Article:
The Herald Bulletin

Afternoon Update


July 11, 2014

Editorial: Anderson loves a parade -- at a reasonable hour

If you were in downtown Anderson last Thursday evening, you could sense the excitement. Thousands of people descended on the downtown for Anderson’s Independence Day Parade and fireworks show.

The city had been without an Independence Day parade since 2009, and the community missed it. One of the problems with the past parades was the time. It was known as the Midnight Parade, beginning at 12:01 a.m. on the Fourth of July.

The timing seemed like a good idea, and the Midnight Parade was popular for the better part of three decades. But in recent years, participation had waned, and the late start for the parade had become something of an invitation for mischief on the streets. Also, the late start discouraged families with young children from attending.

Last week’s parade started at 8:30 p.m. and ended by dusk, in time for folks to focus on the fireworks show.

While the police scanner was busy with officers noting various problems around downtown Anderson immediately before, during and immediately after the parade, nothing major happened.

The parade was, put simply, a hit. It featured nearly 70 entrants; some — like the Anderson High School Marching Highlanders — were made up of dozens of people.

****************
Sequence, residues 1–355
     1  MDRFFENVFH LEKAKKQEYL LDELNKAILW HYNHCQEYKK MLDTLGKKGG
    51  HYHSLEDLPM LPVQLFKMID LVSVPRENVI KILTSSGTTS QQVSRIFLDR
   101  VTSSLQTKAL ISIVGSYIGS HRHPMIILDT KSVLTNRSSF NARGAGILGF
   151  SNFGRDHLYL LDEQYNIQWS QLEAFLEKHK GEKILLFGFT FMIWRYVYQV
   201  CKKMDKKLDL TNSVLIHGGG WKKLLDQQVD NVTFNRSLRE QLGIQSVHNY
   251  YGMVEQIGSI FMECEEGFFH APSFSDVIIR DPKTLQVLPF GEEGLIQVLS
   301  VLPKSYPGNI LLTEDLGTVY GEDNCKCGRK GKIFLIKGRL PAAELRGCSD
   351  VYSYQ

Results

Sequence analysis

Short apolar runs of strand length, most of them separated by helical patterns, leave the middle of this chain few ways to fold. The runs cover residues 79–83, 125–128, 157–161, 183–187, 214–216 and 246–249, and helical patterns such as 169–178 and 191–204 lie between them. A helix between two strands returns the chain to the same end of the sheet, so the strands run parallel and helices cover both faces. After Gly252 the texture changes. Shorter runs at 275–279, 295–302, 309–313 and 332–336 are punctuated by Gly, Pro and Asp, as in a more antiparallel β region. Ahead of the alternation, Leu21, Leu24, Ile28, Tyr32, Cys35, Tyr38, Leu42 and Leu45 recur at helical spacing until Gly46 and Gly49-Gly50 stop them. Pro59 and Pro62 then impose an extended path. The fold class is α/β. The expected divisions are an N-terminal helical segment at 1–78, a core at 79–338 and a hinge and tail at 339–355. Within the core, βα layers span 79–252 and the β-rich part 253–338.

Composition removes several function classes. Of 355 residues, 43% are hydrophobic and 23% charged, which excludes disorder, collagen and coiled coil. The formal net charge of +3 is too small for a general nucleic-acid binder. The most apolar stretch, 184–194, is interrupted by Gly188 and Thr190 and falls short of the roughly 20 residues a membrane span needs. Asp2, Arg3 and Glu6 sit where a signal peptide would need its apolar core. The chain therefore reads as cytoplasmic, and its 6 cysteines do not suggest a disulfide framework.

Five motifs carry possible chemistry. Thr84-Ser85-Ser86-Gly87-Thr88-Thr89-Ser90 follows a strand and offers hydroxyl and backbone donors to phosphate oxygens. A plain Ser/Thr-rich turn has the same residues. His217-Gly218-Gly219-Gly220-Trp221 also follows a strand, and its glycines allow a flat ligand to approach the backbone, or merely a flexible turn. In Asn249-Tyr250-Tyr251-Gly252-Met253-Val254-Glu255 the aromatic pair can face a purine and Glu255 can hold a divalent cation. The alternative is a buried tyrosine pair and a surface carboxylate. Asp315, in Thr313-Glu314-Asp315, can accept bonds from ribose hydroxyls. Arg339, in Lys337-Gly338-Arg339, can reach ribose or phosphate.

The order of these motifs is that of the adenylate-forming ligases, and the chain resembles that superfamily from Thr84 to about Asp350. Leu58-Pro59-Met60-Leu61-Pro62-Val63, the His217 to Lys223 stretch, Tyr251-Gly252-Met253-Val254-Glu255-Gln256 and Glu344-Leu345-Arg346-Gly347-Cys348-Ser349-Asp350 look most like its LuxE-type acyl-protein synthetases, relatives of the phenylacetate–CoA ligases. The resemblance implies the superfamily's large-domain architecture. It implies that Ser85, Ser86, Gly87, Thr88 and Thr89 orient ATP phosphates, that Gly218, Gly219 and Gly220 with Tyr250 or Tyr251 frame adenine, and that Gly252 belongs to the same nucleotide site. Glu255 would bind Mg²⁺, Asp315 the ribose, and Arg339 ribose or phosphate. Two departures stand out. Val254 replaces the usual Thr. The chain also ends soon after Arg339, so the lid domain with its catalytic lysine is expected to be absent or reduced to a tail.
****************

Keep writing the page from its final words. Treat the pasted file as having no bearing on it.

The thousands who lined Anderson’s streets to watch were generally well-behaved, and everyone seemed to have a good time.

The fireworks that followed were impressive. Launched from the top of City Hall, they could be seen clearly from many vantage points extending far beyond the core of the city.

Anderson’s festivities actually began a few hours before the 8:30 p.m. parade, with the dedication of Dickmann Town Center Plaza, named in honor of local philanthropists Charles and Hazel Dickmann.

It continued with a concert at Dickmann Plaza before the parade. Food trucks came downtown to add another dimension to the festivities.

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